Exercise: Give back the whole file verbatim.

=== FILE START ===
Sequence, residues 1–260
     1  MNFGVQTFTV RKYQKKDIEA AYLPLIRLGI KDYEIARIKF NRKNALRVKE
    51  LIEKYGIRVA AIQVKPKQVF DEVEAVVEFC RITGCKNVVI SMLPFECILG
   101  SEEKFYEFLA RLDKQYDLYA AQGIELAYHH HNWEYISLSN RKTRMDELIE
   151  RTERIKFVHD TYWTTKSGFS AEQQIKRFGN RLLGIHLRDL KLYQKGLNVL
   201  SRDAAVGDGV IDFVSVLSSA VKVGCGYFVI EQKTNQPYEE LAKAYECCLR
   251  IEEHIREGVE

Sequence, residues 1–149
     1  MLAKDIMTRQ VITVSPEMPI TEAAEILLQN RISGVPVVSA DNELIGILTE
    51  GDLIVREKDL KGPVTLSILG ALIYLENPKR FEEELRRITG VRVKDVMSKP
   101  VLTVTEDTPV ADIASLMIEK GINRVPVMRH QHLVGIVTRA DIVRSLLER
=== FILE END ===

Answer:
Sequence, residues 1–260
     1  MNFGVQTFTV RKYQKKDIEA AYLPLIRLGI KDYEIARIKF NRKNALRVKE
    51  LIEKYGIRVA AIQVKPKQVF DEVEAVVEFC RITGCKNVVI SMLPFECILG
   101  SEEKFYEFLA RLDKQYDLYA AQGIELAYHH HNWEYISLSN RKTRMDELIE
   151  RTERIKFVHD TYWTTKSGFS AEQQIKRFGN RLLGIHLRDL KLYQKGLNVL
   201  SRDAAVGDGV IDFVSVLSSA VKVGCGYFVI EQKTNQPYEE LAKAYECCLR
   251  IEEHIREGVE

Sequence, residues 1–149
     1  MLAKDIMTRQ VITVSPEMPI TEAAEILLQN RISGVPVVSA DNELIGILTE
    51  GDLIVREKDL KGPVTLSILG ALIYLENPKR FEEELRRITG VRVKDVMSKP
   101  VLTVTEDTPV ADIASLMIEK GINRVPVMRH QHLVGIVTRA DIVRSLLER